Tuesday, November 15, 2005
Church group faces off against another over subsidized gas
Auburn, California - As the community celebrated the opening of a new church in Auburn Sunday, another church protested the services because of objections to the congregation's "merchandising" and "business-like" strategies.
At issue was the New Life Christian Church's gas subsidizing event last weekend in Auburn. The church paid for more than 200 people to purchase gas at a discounted rate of $1.99 per gallon.
New Life Senior Pastor Bill Jenkins said recently the event was designed to show that God is interested in things that affect people's lives, such as gas prices.
Members welcomed many newcomers to the church's first services at 9 and 11 a.m. Sunday at the Canyon View Community Center. Jenkins describes the church as having a "coffee house" style.
But members from the Church of the Divide in Garden Valley greeted churchgoers with another message outside, with signs proclaiming, "Jesus cares more about your sin and burning in hell than gas prices."
"Christ said, 'Do not make my father's house a house of merchandising,'" said Dick Otterstad, a member of the Church of the Divide. "The true gospel is repentance, but people are going into these services and coming out exactly the same. They might hear an ear-tingling sermon of what they want to hear, get some coffee and leave."
Otterstad said the trend in American churches is toward "megachurches" and "coffeehouse churches" that mimic businesses striving for "customers." But as more people join these churches, he said, community standards are still going down.
The New Life Church would be better to focus on moral issues such as abortion and gay marriage, Otterstad said, but many churches don't because they fear a drop in membership.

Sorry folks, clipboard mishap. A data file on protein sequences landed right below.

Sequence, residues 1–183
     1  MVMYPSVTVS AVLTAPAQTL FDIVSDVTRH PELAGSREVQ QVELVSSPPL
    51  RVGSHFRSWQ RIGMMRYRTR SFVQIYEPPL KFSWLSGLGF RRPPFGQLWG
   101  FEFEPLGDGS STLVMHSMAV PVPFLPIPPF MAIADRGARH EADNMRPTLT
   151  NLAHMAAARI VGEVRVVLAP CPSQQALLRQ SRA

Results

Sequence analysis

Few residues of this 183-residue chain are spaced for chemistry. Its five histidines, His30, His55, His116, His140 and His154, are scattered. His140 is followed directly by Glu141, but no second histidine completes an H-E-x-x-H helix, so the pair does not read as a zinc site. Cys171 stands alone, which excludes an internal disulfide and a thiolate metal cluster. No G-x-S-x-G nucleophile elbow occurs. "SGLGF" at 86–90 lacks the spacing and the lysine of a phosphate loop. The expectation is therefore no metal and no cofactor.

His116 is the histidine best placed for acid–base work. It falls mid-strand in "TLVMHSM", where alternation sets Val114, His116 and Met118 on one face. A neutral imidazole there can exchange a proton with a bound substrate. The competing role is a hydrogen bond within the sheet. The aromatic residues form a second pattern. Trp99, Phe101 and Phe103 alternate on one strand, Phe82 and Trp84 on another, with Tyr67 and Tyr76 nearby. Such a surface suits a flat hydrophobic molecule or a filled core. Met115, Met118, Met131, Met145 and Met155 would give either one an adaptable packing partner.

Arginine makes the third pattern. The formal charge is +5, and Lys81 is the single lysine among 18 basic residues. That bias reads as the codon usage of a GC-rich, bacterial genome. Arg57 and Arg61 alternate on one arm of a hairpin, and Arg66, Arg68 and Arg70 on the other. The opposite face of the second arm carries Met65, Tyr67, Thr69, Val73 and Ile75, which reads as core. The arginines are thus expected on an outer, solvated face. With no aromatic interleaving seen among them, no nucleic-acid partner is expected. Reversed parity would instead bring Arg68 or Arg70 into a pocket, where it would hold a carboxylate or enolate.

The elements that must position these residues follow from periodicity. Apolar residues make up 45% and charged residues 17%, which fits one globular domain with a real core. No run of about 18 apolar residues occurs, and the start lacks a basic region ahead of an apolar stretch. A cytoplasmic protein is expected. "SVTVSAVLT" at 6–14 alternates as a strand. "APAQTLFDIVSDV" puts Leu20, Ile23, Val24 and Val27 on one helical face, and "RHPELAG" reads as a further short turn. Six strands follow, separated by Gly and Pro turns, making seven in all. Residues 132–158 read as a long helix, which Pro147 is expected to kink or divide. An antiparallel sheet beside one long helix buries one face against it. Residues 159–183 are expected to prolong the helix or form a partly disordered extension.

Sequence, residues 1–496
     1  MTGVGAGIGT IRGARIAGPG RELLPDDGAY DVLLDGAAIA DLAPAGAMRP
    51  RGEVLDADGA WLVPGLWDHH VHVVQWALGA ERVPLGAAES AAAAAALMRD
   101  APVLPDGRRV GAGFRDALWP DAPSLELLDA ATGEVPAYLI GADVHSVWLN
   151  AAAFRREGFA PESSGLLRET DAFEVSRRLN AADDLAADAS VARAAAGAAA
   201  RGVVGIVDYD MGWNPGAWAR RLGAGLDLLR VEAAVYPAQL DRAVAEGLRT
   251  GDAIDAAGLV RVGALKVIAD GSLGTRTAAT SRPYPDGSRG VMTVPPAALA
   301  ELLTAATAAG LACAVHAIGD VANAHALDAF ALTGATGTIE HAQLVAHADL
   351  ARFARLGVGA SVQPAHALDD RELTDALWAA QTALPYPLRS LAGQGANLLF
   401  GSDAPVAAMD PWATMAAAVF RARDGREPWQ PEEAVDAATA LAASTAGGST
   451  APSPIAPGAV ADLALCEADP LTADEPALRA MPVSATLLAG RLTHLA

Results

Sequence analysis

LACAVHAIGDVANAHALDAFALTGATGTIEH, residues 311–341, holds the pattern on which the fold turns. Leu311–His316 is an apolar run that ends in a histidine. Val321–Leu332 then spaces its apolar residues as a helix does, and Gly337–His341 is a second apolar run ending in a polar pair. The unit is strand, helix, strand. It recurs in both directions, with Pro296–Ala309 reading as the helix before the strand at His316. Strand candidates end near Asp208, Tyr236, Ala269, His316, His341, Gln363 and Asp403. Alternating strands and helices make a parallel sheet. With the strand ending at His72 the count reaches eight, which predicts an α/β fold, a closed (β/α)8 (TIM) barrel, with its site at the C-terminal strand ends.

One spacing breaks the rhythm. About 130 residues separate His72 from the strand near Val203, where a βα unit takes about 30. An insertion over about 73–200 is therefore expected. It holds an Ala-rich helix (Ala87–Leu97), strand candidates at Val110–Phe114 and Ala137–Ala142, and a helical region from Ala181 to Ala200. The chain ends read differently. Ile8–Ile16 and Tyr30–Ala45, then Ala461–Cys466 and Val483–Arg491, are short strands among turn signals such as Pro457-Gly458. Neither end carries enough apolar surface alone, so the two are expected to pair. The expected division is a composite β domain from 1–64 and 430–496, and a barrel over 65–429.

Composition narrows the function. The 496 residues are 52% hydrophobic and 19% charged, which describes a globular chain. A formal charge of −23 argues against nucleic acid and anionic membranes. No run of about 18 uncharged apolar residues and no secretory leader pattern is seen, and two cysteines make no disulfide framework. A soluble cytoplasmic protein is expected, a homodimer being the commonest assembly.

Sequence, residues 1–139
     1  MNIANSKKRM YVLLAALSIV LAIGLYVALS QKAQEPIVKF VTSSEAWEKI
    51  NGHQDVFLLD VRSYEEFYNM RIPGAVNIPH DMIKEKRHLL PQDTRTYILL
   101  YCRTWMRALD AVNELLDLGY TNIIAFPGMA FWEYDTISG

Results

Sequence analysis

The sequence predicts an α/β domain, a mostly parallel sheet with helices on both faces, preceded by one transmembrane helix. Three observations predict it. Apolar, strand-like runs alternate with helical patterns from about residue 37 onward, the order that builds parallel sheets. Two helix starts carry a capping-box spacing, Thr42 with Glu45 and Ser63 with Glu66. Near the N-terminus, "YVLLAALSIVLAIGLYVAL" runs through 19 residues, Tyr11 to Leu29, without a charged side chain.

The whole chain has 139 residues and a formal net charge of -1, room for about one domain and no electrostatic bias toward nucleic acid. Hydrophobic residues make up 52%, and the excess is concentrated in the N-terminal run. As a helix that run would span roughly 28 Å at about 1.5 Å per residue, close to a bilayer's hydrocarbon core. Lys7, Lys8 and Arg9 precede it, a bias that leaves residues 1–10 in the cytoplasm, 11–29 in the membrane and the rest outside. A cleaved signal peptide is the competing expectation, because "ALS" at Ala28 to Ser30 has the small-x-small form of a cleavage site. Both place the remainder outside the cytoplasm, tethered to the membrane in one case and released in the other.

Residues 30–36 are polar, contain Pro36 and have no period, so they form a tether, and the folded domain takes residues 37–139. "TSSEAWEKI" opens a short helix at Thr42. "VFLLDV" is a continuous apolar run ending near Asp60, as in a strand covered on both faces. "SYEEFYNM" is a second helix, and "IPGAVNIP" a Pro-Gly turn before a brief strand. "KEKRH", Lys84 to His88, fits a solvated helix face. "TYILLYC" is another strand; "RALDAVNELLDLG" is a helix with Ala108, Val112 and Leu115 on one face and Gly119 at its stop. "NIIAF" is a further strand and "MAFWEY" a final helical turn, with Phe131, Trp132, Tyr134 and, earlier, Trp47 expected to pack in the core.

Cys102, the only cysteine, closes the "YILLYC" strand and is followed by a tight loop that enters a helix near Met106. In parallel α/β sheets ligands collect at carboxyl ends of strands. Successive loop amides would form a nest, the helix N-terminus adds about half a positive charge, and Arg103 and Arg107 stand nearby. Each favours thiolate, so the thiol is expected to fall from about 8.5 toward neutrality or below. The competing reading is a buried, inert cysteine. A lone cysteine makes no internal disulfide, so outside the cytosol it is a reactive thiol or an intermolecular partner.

"It's a gimmick," he said. "Do you think God cares about cheap gas when we're seeing the murder of the unborn?"
New Life church members invited the protesters to hear the sermon Sunday. Otterstad's son, Luke Otterstad, 20, said he would listen to sermon but suspects the church is misleading people.
"I don't want to see (churchgoers) deceived in that way," he said. "The gospel is the only way to come to Christ and they're luring people in with a cheap marketing trick."
Many people attending services at New Life didn't understand the protest.
"(New Life) is doing something good and people are protesting it?" said Karen Ivan. "Jesus said his true disciples would be persecuted."
Denise Cardona of Auburn said it was exciting to have a new church in the community. She disagreed with protesters.
"That's just silly," she said. "There are many things to protest in the world, and this is not one of them."
Other members said a Christian church protesting another Christian church was divisive.
"It's confusing. Hopefully, we all worship the same God," said Keith Hentschel, a member of New Life. "I don't think anyone's going to turn around (and not come in here) because of that."